Kevin McPherson: Did Loss to Missouri End Hogs’ Hopes for NCAA Bid?



Through 22 games, the Arkansas Razorbacks had done enough positive work to project as a 9-seed by many NCAA tournament “Bracketologists” who look almost daily at the 68-team field as a snapshot if the season were to end that day.

The Hogs’ 23rd game provided a seismic shift in those projections: An 83-78 loss to an awful Missouri team in Columbia, MO, on Saturday was the worst possible way for Arkansas to begin the second half of SEC play, and it knocked the Razorbacks (17-6, 6-4 SEC, RPI No. 36) to a “First Four Out” projection in several Bracketology updates on Sunday.

Effectively, that means going from being a projected 9-seed / “solidly in” to slipping beyond a 10-, 11-, or even a 12-seed. One loss typically doesn’t have such a dramatic effect, but POP! That’s the sound of the bubble bursting for Arkansas if the season had ended with that uninspired, anemic effort in Columbia.  The only good news is that the season didn’t end Saturday. Still eight SEC games to play before the SEC tournament in March, so Arkansas has a chance to climb back into the NCAAT at-large picture.

It’s a steep climb now, though, mainly because the last eight games provide only two chances for a “quality win”, and both those games are on the road against ranked teams — South Carolina and Florida. To make matters worse, six of the final eight regular-season games offer little RPI-improvement value with a win, but they offer plenty of RPI-slippage with a loss.

Another way to look at this mess is the Hogs have put themselves in position of needing to win 6 of their last 8 games, with one of those wins against a ranked team on the road, to have a realistic shot at an at-large bid. Problem is, in their 4 games against teams ranked in the RPI Top 30, the Hogs have lost by a combined total of 77 points. So, no wins against the RPI Top 30, and only one win against the RPI Top 50 — Tennessee (13-10 and RPI No. 35). That won’t cut it, especially when you factor in they now have a “bad loss” against a team ranked outside the RPI Top 250.

See, this is what happens when you lose to the worst team from a high-major conference — Missouri came in 5-15, 0-9 SEC, and with an RPI of 268th.

“(Missouri) made plays they needed to make, and we didn’t.” Mike Anderson said in his post-game press conference. “Disappointed, but not discouraged … it was a one-point game, we had an opportunity to tie it up, and we never could get that lead.

“And for some reason, it seemed like (Missouri) found some extra energy, going and getting all those loose balls going down the stretch …”

For Arkansas, it was the second loss against an RPI-100-plus team in league play (Mississippi State being the first in early January) this season, and in both instances it seemed like the Hogs were sluggish, maybe even unprepared, out of the gates. A team like Arkansas is not talented enough to go into any game like that and expect to win, and certainly Saturday’s result is proof of that.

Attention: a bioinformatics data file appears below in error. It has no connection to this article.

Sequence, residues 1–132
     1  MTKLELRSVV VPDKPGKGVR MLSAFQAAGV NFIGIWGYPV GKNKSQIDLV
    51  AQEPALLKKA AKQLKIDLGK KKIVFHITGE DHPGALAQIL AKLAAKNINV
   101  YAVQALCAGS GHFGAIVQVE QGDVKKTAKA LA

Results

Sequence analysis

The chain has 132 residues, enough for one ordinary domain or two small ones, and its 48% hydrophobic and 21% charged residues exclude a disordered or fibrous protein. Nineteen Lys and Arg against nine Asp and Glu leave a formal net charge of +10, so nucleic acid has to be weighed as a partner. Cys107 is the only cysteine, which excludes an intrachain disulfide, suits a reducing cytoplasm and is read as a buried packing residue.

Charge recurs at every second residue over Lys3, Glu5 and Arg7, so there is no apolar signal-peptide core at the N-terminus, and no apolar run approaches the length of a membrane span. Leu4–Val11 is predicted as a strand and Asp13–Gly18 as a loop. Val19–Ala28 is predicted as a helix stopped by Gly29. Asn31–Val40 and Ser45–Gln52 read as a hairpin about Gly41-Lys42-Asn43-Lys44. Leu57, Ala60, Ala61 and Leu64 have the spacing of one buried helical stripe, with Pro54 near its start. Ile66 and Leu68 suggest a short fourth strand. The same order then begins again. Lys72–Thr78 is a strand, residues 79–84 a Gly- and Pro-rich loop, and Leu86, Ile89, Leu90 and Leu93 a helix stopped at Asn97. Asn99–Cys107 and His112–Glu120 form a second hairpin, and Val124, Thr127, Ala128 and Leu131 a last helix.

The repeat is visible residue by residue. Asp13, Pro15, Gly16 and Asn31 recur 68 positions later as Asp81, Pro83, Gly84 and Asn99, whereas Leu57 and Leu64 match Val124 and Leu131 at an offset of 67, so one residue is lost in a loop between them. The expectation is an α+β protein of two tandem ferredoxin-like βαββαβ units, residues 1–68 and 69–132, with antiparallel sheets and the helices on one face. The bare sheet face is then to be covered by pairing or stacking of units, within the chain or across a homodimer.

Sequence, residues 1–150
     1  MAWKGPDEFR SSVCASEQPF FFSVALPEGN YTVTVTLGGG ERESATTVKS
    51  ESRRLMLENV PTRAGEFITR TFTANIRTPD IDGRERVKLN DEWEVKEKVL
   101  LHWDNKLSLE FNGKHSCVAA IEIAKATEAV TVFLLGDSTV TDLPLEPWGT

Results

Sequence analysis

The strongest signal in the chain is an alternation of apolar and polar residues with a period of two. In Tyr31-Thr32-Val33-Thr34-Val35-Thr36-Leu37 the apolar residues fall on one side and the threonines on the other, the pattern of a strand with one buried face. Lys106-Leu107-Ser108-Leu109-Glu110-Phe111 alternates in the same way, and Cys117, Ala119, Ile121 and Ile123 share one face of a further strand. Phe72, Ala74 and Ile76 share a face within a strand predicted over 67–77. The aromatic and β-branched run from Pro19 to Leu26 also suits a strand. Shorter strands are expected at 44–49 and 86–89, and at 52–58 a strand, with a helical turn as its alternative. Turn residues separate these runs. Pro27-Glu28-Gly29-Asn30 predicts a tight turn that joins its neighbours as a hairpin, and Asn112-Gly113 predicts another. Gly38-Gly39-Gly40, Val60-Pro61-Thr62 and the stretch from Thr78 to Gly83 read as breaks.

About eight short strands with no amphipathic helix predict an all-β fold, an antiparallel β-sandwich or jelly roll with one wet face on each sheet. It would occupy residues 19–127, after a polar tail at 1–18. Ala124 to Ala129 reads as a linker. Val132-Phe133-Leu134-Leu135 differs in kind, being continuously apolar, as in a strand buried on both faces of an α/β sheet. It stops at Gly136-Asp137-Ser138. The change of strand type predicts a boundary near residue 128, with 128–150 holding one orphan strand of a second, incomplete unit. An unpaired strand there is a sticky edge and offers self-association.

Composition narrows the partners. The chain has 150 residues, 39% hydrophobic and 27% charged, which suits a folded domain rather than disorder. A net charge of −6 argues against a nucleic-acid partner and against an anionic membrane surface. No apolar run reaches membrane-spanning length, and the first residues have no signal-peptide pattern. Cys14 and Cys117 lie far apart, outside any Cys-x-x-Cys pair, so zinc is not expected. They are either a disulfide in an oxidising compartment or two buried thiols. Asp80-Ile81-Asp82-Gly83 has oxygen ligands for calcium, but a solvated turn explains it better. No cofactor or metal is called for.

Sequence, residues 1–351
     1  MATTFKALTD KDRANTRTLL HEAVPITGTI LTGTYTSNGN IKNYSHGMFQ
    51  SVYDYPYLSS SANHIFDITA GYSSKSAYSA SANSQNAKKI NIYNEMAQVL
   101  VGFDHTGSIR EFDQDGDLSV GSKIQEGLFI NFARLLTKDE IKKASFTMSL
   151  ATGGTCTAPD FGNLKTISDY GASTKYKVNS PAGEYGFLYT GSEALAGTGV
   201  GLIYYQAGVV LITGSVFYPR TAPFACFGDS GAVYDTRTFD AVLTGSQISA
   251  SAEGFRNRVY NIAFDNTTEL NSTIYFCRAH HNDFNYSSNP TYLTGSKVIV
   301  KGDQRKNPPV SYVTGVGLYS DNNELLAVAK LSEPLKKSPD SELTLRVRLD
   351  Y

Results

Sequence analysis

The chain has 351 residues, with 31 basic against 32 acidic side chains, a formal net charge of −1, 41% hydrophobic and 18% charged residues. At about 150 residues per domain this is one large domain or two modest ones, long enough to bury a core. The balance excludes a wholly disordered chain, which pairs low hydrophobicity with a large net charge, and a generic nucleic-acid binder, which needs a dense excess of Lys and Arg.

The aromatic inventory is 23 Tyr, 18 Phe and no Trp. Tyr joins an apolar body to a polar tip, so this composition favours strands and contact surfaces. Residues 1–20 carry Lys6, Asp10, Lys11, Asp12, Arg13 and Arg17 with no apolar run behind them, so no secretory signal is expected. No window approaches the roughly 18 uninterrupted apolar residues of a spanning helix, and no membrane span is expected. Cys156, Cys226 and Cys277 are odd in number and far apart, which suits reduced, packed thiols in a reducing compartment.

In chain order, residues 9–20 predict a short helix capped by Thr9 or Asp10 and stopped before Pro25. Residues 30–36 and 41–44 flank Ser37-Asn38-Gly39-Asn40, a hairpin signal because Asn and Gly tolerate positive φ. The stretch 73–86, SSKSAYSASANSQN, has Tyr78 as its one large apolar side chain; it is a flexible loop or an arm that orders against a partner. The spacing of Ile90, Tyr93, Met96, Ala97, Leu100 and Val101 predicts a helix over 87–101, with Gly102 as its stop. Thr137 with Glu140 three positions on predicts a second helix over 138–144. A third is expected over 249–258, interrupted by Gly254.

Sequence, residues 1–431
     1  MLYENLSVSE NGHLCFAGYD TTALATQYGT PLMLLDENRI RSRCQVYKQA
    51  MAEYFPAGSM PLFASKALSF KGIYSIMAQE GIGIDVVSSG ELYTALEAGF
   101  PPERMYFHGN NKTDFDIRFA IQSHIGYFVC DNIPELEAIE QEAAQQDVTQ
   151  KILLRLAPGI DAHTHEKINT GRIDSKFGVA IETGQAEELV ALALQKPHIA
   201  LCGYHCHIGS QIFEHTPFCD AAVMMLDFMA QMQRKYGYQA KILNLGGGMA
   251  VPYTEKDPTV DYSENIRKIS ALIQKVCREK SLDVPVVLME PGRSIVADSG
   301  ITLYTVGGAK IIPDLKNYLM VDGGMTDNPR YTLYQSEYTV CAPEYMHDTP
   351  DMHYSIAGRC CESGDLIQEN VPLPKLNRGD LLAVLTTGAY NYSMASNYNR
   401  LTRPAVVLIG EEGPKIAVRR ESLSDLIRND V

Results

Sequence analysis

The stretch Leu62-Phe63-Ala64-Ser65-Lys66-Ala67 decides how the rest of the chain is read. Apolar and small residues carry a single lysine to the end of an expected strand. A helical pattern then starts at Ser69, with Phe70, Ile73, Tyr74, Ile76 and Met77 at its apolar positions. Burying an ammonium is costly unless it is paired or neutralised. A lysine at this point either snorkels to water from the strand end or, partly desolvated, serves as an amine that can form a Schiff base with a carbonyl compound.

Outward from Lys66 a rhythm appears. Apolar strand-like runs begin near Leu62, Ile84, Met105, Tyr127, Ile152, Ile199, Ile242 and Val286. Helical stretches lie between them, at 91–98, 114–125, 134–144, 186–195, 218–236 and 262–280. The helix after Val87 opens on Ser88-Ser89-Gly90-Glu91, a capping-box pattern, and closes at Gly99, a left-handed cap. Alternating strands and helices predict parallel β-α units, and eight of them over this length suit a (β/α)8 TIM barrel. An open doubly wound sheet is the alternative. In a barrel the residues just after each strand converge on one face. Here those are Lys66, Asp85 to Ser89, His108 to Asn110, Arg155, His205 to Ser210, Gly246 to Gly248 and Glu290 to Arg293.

Mike Anderson might agree based on his final words at his post-game presser: “I just didn’t do a good job getting our guys ready, so I’ll take the blame on that one.”

From this vantage point, the 2016-17 version of the Hogs does not look like an NCAAT team. The talent is in place, but the inconsistency from game to game continues to be a thorn in the team’s postseason plans, and that is not a good look in the final one-third of the regular season. Again, Arkansas likely needs a 6-2 finish heading into the SECT to feel optimistic about its NCAAT at-large chances, but looking ahead at the schedule one could argue that a 2-6 finish is as likely as 6-2.

The inconsistency continues to show up defensively more than anywhere else, but unforced turnovers on offense and individual-player breakdowns at both ends have all conspired to make Arkansas “look” like a mediocre team far too often.

Against Missouri, all you have to know is that against the worst field-goal shooting team in the SEC, the Hogs’ defense yielded 50.9% from the field in a game where things came too easy for a team that had lost 13 consecutive games. And though the Hogs won the battle of the boards (33-26), they lost the turnovers convincingly, 17-10. Most of the Hogs’ turnovers were unforced, meaning they simply lacked focus and were careless with the basketball.

It must be extra frustrating for Razorback fans after Wednesday’s 87-68 home win over then-RPI-Top-70 Alabama, a game in which Arkansas had it’s best concerted effort for 40 minutes at both ends of the court.

At this point, every game is now the most important game of the season and should be considered a MUST win. It starts Tuesday night (7:30 p.m. CT on SEC Network) when the Hogs host Vanderbilt at Bud Walton Arena, marking exactly two weeks from the night the Hogs erased a late 15-point deficit for an improbable, 71-70 road victory against the ‘Dores in Nashville.

If it was Halloween, this team would be in Jekyl and Hyde costumes handing out a trick with every treat. It’s not Halloween, but Valentine’s Day is not too far off. Might be heart-check time in Hogland.

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Kevin McPherson is a former sportswriter and editor at both the Arkansas Gazette and Arkansas Democrat, as well as a former contributor to newspapers in Northwest Arkansas — covering Arkansas Razorbacks basketball, high school football and basketball, and basketball recruiting. He’s entering his 13th year as a mortgage banker with Bank of England, but he still covers Razorback basketball and recruiting as well as high school sports. You can join him live every Monday and Thursday at 1:30 CST on The Hog Call, KREB 1190 The Fan in Northwest Arkansas by clicking here: You can also follow him live on Twitter @ARHoopScoop.

did missouri end hogs' hopes for ncaa bid


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